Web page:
That is something that has been happening over the last 12-13 years I think. Even with early 80’s crossover like Ludichrist, Crumbsuckers or Agnostic Front to a certain extend. For years now we have seen bands calling themselves metalcore, where some of the people might have a hardcore attitude, but play fullblown death metal. We always loved when it was very balanced, like with Hatebreed, Merauder, Stigmata, etc. It’s the heaviness of metal and the aggressiveness and attitude of hardcore. Both are heavy variations of guitar music, so I don’t think it could be avoided that it happened at some point. Both are strong underground scenes and interact and intermingle, so it’s unavoidable. But hey, I love that personally. I grew up on Iron Maiden, than Slayer/Metallica/Exodus/Kreator and after that Agnostic Front/Cro Mags and everything that came after from both genres. I’m not a purist like that.

You celebrate your 20th anniversary at De Nor, together with Madball last November. How was it like?
That was great! A lot of old heads came out. People I hadn’t seen in maybe 15 years were there. A lot of locals of course. I think the average age must have been over 35, haha… It was a great sold out night, with great people and an awesome vibe in our hometown scene where we come from. It couldn’t have been better. I am very thankful for all the support and love. Even after 20 years nothing has changed (except our age, haha…). Just great!

Do you see the age of the audience grow or are there also many young fans?
Overall at show there are a lot of young people too. The oldies do not always come out anymore. The young ones do. I am grateful for the fact that we are still a relevant band to a lot of young people. Makes me proud and proves to me that we are doing the right thing with this band. Much respect for all the young blood coming to shows, having a good time and also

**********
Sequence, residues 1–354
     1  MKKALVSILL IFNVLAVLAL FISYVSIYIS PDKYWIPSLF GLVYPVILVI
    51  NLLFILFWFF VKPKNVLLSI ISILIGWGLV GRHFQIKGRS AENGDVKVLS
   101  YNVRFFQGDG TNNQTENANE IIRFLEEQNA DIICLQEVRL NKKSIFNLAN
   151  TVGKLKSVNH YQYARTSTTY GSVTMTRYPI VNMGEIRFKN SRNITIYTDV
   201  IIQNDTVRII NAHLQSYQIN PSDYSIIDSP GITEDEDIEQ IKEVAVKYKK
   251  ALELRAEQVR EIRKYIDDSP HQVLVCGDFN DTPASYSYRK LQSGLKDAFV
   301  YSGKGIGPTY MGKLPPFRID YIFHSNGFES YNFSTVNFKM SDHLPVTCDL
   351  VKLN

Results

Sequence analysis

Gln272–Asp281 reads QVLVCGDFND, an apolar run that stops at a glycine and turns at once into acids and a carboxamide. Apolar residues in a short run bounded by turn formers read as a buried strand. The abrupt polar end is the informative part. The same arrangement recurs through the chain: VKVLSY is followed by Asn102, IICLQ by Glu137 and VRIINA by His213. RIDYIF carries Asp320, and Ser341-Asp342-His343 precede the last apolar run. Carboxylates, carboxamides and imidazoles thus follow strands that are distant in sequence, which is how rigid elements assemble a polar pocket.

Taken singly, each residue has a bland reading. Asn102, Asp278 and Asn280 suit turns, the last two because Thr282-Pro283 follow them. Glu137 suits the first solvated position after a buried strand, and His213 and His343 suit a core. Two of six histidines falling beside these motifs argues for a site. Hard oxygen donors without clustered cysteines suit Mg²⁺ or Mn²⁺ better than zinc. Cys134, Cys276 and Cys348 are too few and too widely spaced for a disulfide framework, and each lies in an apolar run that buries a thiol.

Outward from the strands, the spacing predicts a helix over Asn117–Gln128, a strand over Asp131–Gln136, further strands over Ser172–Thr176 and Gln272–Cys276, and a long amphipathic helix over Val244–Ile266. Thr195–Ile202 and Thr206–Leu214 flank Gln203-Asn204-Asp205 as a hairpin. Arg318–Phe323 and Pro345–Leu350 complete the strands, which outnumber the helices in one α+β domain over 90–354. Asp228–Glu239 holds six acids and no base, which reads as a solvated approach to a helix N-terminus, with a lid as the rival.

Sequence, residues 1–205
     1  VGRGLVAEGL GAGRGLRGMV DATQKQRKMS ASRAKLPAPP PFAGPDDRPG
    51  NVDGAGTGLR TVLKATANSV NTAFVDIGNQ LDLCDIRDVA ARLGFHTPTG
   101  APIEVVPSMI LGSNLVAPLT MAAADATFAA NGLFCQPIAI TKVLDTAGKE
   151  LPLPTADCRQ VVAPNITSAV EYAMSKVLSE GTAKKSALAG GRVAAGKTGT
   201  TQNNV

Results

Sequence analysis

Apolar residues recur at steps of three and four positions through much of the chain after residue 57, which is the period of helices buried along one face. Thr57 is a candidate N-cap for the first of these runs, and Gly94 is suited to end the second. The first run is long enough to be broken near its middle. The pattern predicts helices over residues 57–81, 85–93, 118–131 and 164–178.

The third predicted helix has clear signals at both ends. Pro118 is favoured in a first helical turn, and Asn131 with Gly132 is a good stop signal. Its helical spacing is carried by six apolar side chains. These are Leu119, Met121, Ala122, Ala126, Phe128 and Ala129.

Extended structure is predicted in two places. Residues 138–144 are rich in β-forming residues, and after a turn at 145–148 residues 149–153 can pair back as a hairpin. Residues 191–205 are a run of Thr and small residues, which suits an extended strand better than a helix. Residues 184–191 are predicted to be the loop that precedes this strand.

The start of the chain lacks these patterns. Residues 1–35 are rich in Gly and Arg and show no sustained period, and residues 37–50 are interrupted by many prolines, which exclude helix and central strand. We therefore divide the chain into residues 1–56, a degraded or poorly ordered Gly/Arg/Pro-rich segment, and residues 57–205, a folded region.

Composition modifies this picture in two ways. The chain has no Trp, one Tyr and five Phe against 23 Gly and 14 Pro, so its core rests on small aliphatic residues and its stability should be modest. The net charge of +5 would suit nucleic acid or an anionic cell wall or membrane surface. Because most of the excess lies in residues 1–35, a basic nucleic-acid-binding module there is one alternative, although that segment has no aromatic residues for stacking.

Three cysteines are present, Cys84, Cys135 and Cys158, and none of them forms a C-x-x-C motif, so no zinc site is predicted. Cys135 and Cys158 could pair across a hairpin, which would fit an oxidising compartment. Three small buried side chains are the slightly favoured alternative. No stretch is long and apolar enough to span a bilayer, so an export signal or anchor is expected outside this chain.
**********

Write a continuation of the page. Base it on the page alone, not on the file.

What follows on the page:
checking out the bands that are double their age, haha… You’re always welcome to a Born From Pain show!

Twenty years is long period. Can you mention some highlight?
Hard… too many to mention… Highlights include touring the world, playing many big festivals, including Wacken, sold out club shows where the vibe is crazy and awesome, etc. I think an important highlight for me is that we are a band that is in it because of the love for what we do, stay true to ourselves and don’t sell our soul to be on labels or tours. We never got anything handed to us and worked long and hard to get all we have done. I think and feel that people see that and understand. That is the highlight of this band for me. Genuine respect from peers in bands and the people in the room. If that would not be there. I’d quite on the spot.

What can we, except a new album, expect more in 2018?
Festivals in the summer of course! We are also planning stuff for after the summer. A couple of confirmations coming up there too. Eyes open!

And what about the upcoming years?
Keep doing what we do and do it as best and genuine as we can. This band still has a lot to give!

My last regular question as usual: what’s your advice to young starting metal bands?
Be humble, be dedicated, have respect for those who came before you (and learn and listen from/to them). Be prepared to invest energy, blood, sweat, tears and money. Take any show you can get and be as tight and uncompromising as you can be. Be genuine. Don’t do weird moves, because you think people want to see them. Be yourself and believe in yourself. I see SO many young bands that think they are/do all of that, but complain when they don’t get paid 100 euro for their show they play 100km away from home, because now they have to pay for the gas themselves. Born From Pain played for maybe 4 years losing money almost every show. Were we idiots? No, we wanted to play show. Come what may, cost it what may. Earn yourself respect and a reason for others to pay you. There are a lot of opportunities for young bands to do a lot of stuff, if you are only willing to dedicate yourself and invest. If you really want it, you can get it. Believe me.